News and Tribune


October 23, 2011

A good Day: Stephen Day finishing out duties at library; plans to retire Oct. 31

NEW ALBANY — Libraries are not just for books anymore. The technology explosion in the last two decades has definitely changed the face of public and college libraries.

And the changes keep coming.

“We’re changing and trying new things all the time,” said Stephen Day, director of the New Albany-Floyd County Public Library. “Technology has changed a number of things over the years.”

One thing it didn’t change was Day, who has been director of the library since Oct. 19, 1987. But at 66 and with the stresses that come with running an operation the size of the NA-FC library, Day has decided to retire. His last day will be Oct. 31.

“With all the constant struggles for state money, and trying to keep your budget in order, it takes a toll on you emotionally and physically,” he said.

The library has not only seen a technology explosion during Day’s tenure, but other upgrades as well. Besides the new carpet, furniture and the two new roofs installed during his 24 years at the helm, the library has also added public computers on every floor; increased its audio book selections; renovated the front desk and the reference area; added a job center; and constructed an Annex Building in the parking lot at Scribner and Spring streets for the Friends of the Library book sale.

And those are just a few of the highlights.

“Stephen Day was responsible for many, many programs and innovations at the New Albany-Floyd County Public Library during his long tenure there. But as a longtime member of the Friends of the Library, I think that one of his achievements that wasn’t mentioned at his retirement party was the building of the Annex Building and the assigning of some of the space in it for a permanent book sale for the Friends,” said Kathy Eickmann. “The book sale took in over $175,000 during its first 10 years of existence and is approaching the $200,000 mark. Without the permanent space for the book sale, I doubt that such figures could have been achieved, and of course, almost all of that money has gone to support the library for programs and equipment.”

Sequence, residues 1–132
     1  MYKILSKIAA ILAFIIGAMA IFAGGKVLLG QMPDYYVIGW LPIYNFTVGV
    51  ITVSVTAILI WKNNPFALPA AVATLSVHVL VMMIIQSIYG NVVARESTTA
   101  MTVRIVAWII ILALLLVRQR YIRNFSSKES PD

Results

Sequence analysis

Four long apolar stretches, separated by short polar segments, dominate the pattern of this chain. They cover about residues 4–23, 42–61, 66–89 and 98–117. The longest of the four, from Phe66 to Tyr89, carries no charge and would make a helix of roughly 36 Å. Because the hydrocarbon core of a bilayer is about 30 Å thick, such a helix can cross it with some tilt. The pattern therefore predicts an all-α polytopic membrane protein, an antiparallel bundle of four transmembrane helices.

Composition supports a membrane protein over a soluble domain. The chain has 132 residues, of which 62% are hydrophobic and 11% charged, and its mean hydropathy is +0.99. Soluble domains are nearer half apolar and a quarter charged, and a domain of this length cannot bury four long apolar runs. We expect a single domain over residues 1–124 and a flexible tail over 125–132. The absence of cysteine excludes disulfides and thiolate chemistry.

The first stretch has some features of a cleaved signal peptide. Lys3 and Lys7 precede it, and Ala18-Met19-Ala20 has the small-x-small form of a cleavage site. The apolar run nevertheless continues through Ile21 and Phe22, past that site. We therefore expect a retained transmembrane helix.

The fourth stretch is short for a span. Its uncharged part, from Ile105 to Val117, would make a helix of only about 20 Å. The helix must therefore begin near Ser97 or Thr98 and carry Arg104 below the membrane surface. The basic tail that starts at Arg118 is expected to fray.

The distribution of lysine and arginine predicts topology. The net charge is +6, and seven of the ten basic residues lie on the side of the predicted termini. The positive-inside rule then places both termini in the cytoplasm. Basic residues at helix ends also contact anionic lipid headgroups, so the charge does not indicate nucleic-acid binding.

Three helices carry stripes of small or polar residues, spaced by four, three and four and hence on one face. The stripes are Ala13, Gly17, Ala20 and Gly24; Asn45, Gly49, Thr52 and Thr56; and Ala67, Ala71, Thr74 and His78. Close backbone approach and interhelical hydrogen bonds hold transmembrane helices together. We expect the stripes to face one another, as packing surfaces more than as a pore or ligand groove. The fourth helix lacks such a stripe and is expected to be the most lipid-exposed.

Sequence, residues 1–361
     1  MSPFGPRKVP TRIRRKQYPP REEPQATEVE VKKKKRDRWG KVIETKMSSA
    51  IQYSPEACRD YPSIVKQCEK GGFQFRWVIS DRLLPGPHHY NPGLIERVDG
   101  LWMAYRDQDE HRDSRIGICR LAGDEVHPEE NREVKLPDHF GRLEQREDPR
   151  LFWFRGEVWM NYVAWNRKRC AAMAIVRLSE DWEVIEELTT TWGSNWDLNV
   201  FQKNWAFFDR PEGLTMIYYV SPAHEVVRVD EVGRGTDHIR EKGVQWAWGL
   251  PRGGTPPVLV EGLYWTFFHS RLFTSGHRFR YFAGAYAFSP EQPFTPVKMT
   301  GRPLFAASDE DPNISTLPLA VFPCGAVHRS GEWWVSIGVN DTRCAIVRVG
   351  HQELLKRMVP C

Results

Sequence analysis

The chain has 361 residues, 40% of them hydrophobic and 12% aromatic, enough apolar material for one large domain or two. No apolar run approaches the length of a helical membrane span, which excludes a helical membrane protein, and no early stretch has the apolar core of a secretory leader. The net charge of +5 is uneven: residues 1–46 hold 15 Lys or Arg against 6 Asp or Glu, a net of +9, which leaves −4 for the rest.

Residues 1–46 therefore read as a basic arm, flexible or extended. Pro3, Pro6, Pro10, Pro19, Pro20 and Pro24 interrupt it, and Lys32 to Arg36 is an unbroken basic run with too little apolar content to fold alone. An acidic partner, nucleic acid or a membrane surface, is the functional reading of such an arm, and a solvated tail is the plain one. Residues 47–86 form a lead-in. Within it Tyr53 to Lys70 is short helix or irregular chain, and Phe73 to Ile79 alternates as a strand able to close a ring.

Day said he has always strived to make the library as good as it can be. He said many people have told him over the years how impressed and how lucky Floyd County residents are to have a top-notch library.

“I think he has done a marvelous job,” said longtime library board member Roger Whaley. “He has been a excellent steward of the library and its resources. We were very fortunate to have him for 24 years.”

Despite the growth in technology, Day believes libraries will always have books, and not just audio versions.

“People say books will one day go away. But they can’t digitalize books quick enough,” he said. “No matter what we have in here, we will always be the provider of information. Any way we can get it to you, we will get it to you. Our goal is to get info from here to you. This is a destination place. If they need info, we are here.”

The library operates on a budget of $2.7 million a year and has 48 employees. The Carnegie Center for Art & History is also included in the library’s budget.

“I think this community should be proud of what they have here. Very few communities have something like the Carnegie Center,” Day said.

He said he has no definite plans for life after the library. He said he plans on visiting his daughters, who live in Ohio and Atlanta, and said he has plenty of work to do at his house. While he is full of mixed emotions as his days as director come to an end, he said he is confident he is leaving the library in good shape.

“It is definitely better than it was when I came here,” he said. “I think I have cared for it ... it’s the people’s library, not mine. I want them to be proud of it.

“I will miss it but there are always constant worries. It gets to be a bit much after a while.

Rose Frost will assume Day’s duties Nov. 1.

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